BRINGING the true teachings of Buddha to the world by translating over 231,800 pages of text from Tibetan to English and other languages is a painstaking 100-year project.
The project called 84,000: Translating the Words of the Buddha officially started in January 2010.
The person currently at the helm of the project involving 153 translators from 15 countries, is Dzongsar Khyentse Rinpoche who is in Malaysia this week to give public lectures.
Dzongsar is a Bhutanese Buddhist teacher, writer and filmmaker.
He actively imparts the teachings of Buddha around the world, including setting up dharma centres and lecturing at Oxford University and Beijing University among other renowned institutions.
He has made three award-winning films — The Cup (1999), Travellers and Magicians (2003) and Vara: A Blessing (2013).
He also authored What Makes You Not a Buddhist (Shambhala, 2007) and Not for Happiness: A Guide to the So-Called Preliminary Practices (Shambhala, 2012).
It is a global effort to translate the Kangyur and Tengyur.
Kangyur refers to the translated words of Buddha; the collection includes more than 500 sutra and 1,100 tantra.
The Tengyur contains more than 4,000 treatises and commentaries by Indian and Tibetan masters on philosophy, science and medicine among other topics.
“By translating and making available the Tibetan Buddhist text to the people of today, a vast swath of Buddhist civilisation and culture may be saved from annihilation,” Dzongsar was quoted as saying.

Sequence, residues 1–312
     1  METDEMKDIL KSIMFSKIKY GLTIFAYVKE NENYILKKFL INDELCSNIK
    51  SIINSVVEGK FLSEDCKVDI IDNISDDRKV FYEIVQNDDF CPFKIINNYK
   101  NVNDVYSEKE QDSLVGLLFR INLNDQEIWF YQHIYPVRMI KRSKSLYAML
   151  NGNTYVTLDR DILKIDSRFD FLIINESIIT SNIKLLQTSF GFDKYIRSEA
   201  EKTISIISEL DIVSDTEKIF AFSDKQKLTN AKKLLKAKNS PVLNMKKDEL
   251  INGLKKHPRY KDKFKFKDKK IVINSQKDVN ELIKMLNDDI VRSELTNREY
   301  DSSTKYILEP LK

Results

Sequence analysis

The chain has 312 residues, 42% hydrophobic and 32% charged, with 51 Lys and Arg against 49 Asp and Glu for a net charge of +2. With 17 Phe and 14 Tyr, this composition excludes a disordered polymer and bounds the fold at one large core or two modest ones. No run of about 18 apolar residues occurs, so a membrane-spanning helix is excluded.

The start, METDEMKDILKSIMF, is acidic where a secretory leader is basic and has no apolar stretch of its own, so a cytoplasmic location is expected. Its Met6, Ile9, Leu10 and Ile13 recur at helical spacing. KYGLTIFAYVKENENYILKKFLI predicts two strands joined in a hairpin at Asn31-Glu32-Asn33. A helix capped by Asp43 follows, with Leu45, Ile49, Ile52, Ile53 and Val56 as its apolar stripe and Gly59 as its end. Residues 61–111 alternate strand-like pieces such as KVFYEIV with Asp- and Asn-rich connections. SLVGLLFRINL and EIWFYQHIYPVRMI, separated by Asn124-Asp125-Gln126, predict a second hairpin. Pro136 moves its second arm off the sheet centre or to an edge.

His vision is to translate the Kangyur within 25 years and the Tengyur within 100 years.
“Historically, translation has played a crucial role in the survival and revival of Buddhism.
However, to-date, less than 5% of the classical Tibetan text and only 15% of the classical Chinese text have been translated into modern languages,” said project executive director Huang Jing Rui.
The number of people who can read classical Tibetan is fast diminishing.
Huang said 84,000 engaged both translators and scholars, hence the team consisted of qualified Himalayan masters and translators who are native English speakers.
They must possess expertise in Classical Tibetan, Buddhist Sanskrit, English and Buddhist philosophy.
The editorial committee and board of reviewers comprise Indo-Himalayan scholars from all four schools of Tibetan Buddhism, as well as translators and academics from universities worldwide.
“The translation process is more complicated and time-consuming than it first appears, involving primary and secondary source material research, textual comparisons, research and consultation on tough subject matters and terminology and more,” Huang said.
“The main challenge of the feat is the lack of qualified translators.
“The context of history, grammar and culture has to be taken into consideration while translating because the same expression may mean something else in a different language.
“That is why we need very well-trained masters and scholars to work together and approach the translation from many perspectives and directions.
“A well-translated piece will convey accuracy, readability and fidelity,” she added.
The translated text is available for free online at http://84000.co/.
To-date, the reading room has garnered 2.2 million hits, with 46,800 visitors from 106 countries.
Dzongsar will give a Dharma talk in Kuala Lumpur today at the Karma Kagyu Dharma Society Kuala Lumpur, off Jalan Loke Yew, Kuala Lumpur.
He is also invited to speak on Dharma Education in Modern Society on Sunday and Monday at Than Hsiang Temple, in Bayan Lepas, Penang.
For details, call 012-221 1790 (Siew Chin), 012-218 4530 (Chui Jin), 012 -290 1368 (Gah Lin) or 04-641 4822 for details.